NIH logoPatients with multiple myeloma may find this piece of news interesting. A new drug for the condition has been apparently demonstrated to considerably extend disease-free survival. Scientists reveal that the initial results of a large randomized clinical trial for patients with multiple myeloma administered the oral drug lenalidomide appeared to have kept their cancer in check as against patients who were given placebo.

The oral drug lenalidomide or Revlimid also known as CC-5013 seems to have been effective in patients with multiple myeloma. Multiple myeloma is known to be a cancer of the blood and bone marrow and occurs when a kind of immune cell, called a plasma cell, increases in number to crowd out healthy blood cells in the bone marrow. The condition may cause pain, and eventually damage the bones and other body organs. Patients who were part of the current trial were supposedly given the drug after a blood stem cell transplant and seemed to have restrained their cancer.

Sponsored by the National Cancer Institute (NCI), the clinical trial comprised of patients between ages 18 to 70. A series of analysis led by the Cancer and Leukemia Group B (CALGB) in partnership with the Eastern Cooperative Oncology Group (ECOG) and the Blood and Marrow Transplant Clinical Trials Network (BMT CTN) were conducted for the trial. The trial was overseen by the independent data and safety monitoring committee known as CALGB-100104.

The study revealed that those patients on the drug showed a much longer time before the cancer progressed after autologous blood stem cell transplantation as compared to those on placebo. This led to the trial being stopped early. In autologous blood stem cell transplantation, patients own blood stem cells are removed to then treat them with high doses of chemotherapy and or radiation therapy to kill the cancer. After this the blood stem cells are returned to the patient. The procedure is common for patients with multiple myeloma.

Between 2004 and July 2009, a total of 568 patients with multiple myeloma who had been administered no more than 12 months of earlier therapy and prior transplant before were enrolled for the study. All the subjects were known to have undergone autologous transplantation. Following this, they were given a high dose of a drug called melphalan that is commonly used to treat multiple myeloma.

Between 90 and 100 days after transplant, around 460 patients who showed adequate organ function and apparently no proof of progressive disease were finally randomized to receive lenalidomide or placebo. Patients started lenalidomide or placebo between day 100 to 110 and appeared to have continued it until they showed evidence of progressive disease.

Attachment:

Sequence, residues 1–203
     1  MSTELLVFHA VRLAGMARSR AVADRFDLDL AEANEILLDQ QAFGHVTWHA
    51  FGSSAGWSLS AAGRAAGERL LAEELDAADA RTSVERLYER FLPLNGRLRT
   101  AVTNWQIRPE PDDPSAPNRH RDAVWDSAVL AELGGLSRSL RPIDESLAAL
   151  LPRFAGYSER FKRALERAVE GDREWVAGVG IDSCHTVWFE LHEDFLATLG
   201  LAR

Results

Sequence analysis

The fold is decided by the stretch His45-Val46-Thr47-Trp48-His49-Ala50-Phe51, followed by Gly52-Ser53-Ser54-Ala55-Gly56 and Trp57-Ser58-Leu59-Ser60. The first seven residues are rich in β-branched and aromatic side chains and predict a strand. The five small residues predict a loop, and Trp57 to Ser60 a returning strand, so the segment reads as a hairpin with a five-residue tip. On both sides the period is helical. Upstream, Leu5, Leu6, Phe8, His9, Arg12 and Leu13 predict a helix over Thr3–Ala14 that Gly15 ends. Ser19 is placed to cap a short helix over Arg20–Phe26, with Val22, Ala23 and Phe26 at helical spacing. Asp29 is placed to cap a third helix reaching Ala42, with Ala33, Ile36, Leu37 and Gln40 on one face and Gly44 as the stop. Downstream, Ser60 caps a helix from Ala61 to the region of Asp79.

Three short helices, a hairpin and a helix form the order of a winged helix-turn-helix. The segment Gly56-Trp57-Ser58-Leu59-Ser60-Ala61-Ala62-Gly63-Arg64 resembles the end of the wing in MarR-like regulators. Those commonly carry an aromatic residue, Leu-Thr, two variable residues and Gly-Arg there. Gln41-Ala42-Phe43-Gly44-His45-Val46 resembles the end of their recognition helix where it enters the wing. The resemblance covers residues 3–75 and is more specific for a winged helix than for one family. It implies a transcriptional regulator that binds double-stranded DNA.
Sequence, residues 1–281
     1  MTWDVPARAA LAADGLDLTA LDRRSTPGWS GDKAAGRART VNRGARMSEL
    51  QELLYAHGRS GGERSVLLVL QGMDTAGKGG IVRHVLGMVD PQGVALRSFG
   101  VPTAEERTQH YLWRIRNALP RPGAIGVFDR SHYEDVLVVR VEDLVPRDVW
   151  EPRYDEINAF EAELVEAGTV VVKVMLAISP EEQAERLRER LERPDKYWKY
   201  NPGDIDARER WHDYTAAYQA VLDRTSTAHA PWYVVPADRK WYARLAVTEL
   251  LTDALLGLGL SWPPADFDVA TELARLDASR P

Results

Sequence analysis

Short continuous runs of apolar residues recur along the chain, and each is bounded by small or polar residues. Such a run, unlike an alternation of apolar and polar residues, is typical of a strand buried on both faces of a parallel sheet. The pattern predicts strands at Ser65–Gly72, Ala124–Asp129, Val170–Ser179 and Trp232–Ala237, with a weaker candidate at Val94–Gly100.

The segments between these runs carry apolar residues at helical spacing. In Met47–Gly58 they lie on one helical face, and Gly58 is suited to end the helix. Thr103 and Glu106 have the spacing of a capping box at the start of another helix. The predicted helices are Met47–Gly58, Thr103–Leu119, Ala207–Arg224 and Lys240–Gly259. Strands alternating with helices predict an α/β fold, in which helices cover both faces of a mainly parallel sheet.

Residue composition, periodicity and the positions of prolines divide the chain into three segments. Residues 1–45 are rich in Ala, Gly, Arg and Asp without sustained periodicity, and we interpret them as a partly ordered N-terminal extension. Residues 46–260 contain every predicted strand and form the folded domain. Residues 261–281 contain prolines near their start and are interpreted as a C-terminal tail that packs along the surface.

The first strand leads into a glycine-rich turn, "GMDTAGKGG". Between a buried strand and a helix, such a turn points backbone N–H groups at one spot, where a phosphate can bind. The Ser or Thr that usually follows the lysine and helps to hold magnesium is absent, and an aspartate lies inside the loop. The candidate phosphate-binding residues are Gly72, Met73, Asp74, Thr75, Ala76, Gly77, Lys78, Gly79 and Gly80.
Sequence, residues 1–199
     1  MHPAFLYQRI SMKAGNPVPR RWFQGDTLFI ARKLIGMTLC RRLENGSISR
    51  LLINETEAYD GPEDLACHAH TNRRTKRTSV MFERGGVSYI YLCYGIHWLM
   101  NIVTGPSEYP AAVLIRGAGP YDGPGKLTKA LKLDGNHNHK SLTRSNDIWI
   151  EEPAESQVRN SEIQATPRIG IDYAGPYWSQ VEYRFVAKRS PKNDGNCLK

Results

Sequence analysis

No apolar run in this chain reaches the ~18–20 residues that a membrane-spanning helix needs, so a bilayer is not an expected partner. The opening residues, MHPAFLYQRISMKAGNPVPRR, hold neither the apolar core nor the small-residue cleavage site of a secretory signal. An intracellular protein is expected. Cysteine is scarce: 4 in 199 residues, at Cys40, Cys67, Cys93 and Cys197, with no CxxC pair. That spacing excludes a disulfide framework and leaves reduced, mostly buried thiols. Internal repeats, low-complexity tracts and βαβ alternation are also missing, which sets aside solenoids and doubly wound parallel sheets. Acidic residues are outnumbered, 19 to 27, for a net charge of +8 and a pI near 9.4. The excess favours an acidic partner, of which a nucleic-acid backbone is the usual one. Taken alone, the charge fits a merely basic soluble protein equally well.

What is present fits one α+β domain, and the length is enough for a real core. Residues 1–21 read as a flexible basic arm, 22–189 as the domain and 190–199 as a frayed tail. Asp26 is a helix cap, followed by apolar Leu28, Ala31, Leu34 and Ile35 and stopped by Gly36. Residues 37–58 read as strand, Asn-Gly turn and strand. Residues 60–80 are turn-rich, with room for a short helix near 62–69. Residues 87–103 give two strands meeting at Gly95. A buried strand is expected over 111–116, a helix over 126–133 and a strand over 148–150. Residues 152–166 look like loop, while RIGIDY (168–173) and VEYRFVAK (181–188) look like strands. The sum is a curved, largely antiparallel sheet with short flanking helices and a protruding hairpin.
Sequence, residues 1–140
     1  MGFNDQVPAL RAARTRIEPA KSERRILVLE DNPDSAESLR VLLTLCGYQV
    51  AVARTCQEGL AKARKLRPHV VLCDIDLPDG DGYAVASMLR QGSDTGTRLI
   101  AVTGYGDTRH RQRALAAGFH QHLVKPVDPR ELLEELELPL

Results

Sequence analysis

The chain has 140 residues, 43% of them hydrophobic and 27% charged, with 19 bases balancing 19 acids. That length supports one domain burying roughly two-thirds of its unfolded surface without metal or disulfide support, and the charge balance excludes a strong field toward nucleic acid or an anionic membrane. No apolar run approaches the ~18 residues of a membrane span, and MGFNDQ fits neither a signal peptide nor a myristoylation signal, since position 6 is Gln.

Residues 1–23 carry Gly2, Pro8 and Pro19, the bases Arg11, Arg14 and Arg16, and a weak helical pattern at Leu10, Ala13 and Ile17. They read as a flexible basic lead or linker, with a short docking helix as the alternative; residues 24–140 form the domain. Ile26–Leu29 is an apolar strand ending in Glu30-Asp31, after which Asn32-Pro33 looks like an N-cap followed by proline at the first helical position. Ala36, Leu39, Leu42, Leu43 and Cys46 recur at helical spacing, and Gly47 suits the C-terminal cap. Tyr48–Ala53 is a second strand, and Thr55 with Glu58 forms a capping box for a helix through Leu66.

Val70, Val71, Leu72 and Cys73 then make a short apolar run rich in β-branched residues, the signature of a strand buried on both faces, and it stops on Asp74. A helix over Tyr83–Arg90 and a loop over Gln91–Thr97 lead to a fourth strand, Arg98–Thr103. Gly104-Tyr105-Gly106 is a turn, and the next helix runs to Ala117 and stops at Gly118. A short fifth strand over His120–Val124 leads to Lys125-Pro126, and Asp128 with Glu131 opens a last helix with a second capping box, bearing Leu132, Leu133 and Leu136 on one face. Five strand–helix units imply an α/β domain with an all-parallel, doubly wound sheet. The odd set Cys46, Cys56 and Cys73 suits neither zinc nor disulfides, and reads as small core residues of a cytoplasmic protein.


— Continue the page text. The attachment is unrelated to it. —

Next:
The trial suggests that among the patients who received placebo, half seemed to have their myeloma progress or worsen within an estimated 778 days. On the contrary patients taking lenalidomide, a median time to progression could not be defined as less than half the patients appeared to have worsening of their myeloma. For the group taking Lenalidomide, it seems to have represented a 58 percent decrease in the risk of disease progression. Supposedly this difference in time to progression, scientists claim could have high statistic significance.

Apparently, this is claimed to be the first randomized phase 3 trial that exhibits a clinical benefit of lenalidomide following transplant for multiple myeloma. In this distinct trial, the kinds of side effects observed were found to be identical to the types observed in different clinical trials with Lenalidomide.

“This study answers the important question for multiple myeloma patients regarding maintenance lenalidomide therapy starting at 100 days following transplant,” mentioned Philip L. McCarthy, Jr., M.D., associate professor of medicine at Roswell Park Cancer Institute and principal investigator of this study. “We now know that prolonged maintenance therapy with lenalidomide when compared to placebo will delay disease progression. This is an exciting advance in the field of multiple myeloma therapy and occurred due to the willingness of multiple myeloma patients to participate in this study and to the cooperation of the many physicians and study groups involved.”

A derivative of thalidomide, lenalidomide has known to have been approved by the U.S FDA in 2006. It gained an approval for use in combination with dexamethasone, a steroid, for the treatment of multiple myeloma in patients who received at least one prior therapy for their disease.

The trial however does not seem to show evidence of an overall survival benefit yet. A future scientific meeting is anticipated to reveal detailed results from this trial.